Had someone ever pissed you off so much that you literally just wanted to throw him out of the window? You’re not the first because apparently, the act was common in Prague between 1419 and 1618 and was called “defenestration.” We are not certain who started the idea or who ticked the person off so much that he decided to just throw the person out the window. What we know was that this act sparked a much, much bigger catastrophe that caused the death of more than eight million people, the Thirty Year’s War.

Thirty Years’ War

A Scene of the Thirty Years War (oil on canvas), Crofts, Ernest (1847–1911) (Эрнест Крофтс (Ernest Crofts) — британский художник, специализирующийся на батальных сценах и истории (british painter of historical and military scenes)., Public domain, via Wikimedia Commons)

The Thirty Years’ War was a religious conflict that happened in the 17th century in central Europe. It was one of the longest and most brutal (and active) wars in history, not including the 335-year war that was basically forgotten. Eight million people died from the conflict and the famine and diseases that it brought about. The war began among the Catholic and Protestant states when Emperor Ferdinand II decided to force the citizens of the Holy Roman Empire to adhere to Roman Catholicism the moment he stepped in as the head of the state in 1619. He was supposed to honor the Peace of Augsburg Settlement, which allowed the princes of states to freely practice their Lutheranism or Calvinism and coexist with Catholicism.

All that went out the window with Ferdinand and he revoked the Peace of Augsburg.  The Bohemian nobility did not appreciate that one bit. As an outward act of displeasure, they grabbed three of his representatives and tossed them out of a window at the Prague Castle. Although the three survived, this act was the beginning of the Bohemian states’ open revolt, backed by Sweden and Denmark-Norway, thus beginning the Thirty Years’ War. Even as the war started as a religious conflict, as time went by, it became more of a geopolitical question about which group would lead and govern Europe.

Some Other Instances of Defenestration in Prague

Depending on who you ask, surviving after being thrown out the high window involved some divine intervention (if you ask the Catholics) or a good pile of dung. Here are some other instances of defenestration:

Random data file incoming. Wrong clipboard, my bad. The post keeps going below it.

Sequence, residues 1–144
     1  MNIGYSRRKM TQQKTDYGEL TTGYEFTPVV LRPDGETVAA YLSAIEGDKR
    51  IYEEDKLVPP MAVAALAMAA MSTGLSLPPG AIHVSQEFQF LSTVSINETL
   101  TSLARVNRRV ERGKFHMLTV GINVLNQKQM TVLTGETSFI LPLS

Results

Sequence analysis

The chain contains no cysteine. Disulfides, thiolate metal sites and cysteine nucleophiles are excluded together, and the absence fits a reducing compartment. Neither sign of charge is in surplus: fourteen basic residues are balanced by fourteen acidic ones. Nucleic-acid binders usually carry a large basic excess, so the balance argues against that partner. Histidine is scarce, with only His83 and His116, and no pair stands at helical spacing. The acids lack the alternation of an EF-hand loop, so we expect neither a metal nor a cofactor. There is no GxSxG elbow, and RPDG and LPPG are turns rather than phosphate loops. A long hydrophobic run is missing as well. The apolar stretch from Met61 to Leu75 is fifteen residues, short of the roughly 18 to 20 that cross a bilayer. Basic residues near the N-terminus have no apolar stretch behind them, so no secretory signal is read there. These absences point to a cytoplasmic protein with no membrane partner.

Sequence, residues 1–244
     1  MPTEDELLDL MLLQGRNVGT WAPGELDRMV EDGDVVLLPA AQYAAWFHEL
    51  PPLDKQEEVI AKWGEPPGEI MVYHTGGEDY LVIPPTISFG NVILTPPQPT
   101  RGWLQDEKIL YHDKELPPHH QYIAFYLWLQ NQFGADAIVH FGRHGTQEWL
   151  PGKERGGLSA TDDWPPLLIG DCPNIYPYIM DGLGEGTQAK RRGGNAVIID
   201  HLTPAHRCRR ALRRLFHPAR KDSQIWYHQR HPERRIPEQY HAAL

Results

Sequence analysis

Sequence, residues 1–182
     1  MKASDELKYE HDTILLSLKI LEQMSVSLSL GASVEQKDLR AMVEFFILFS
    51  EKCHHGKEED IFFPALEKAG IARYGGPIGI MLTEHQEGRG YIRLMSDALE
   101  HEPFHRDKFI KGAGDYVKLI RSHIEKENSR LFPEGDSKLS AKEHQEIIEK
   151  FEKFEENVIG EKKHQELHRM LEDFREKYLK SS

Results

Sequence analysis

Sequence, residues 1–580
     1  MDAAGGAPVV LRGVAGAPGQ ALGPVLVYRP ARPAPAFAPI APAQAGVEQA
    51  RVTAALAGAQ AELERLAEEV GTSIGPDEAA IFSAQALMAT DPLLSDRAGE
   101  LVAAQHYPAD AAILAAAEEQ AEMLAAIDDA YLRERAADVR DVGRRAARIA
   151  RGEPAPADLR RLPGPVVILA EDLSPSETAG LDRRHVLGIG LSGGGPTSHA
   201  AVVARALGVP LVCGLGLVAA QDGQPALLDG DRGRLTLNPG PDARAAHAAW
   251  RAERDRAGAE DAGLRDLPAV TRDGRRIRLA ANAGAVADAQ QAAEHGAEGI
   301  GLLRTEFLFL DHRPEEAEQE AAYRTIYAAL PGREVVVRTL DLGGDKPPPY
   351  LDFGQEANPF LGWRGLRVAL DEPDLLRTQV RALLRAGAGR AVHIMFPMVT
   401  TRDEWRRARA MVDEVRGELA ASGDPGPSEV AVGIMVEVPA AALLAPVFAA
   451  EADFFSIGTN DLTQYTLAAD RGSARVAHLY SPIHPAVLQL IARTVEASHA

On July 30, 1419, a Hussite priest named Jan Zelivsky led his congregation on a procession on the streets of Prague to the New Town Hall on Charles Square. They did so to protest the inequality between peasants, the Church’s prelates, and the nobility; thus, they saw the state of the Catholic Church as corrupt. The town council members also didn’t want to exchange their Hussite prisoners, which they wanted back. While they were on procession, someone from the town hall window threw a stone and hit Zelivksy. His followers were understandably enraged. They stormed the town hall and grabbed the judge, the burgomaster, and several members of the town councils and,…wait for it… tossed them all out the window, killing them all.

Upon hearing the news, King Wenceslaus IV of Bohemia was so shocked that he died shortly after. This first defenestration in Prague started the Hussite Wars that lasted until 1436.

Second Defenestration of Prague, 1483. (Matthäus Merian, Public domain, via Wikimedia Commons)

The 1483 Defenestration

It was September 24, 1483, during the reign of King Vladislaus II of Hungary, when a party called the Communion Of Both Kinds(bread and wine being used instead of just bread) so feared the influence of the Prague population(bread only) that they decided to carry out a violent coup in the Old and New Towns and Lesser Town. They threw the burgomaster out the window along with the bodies of seven New Town councilors from the windows of their respective town halls. This contributed to the limitation of the ruling power that staved off getting the Hussite war stirred up again.  A treaty was signed on October 6, 1483, with three Prague municipalities agreeing on unity and common action, which brought the dominion of Utraquism, which was about worshippers all taking communion in bread and wine rather than just the priest.  Yes, they actually fought wars over this stuff folks.

In summary, if you were elected or made a prince or leader in the Rennaisance, better take the windowless office on the ground floor just to be on the safe side.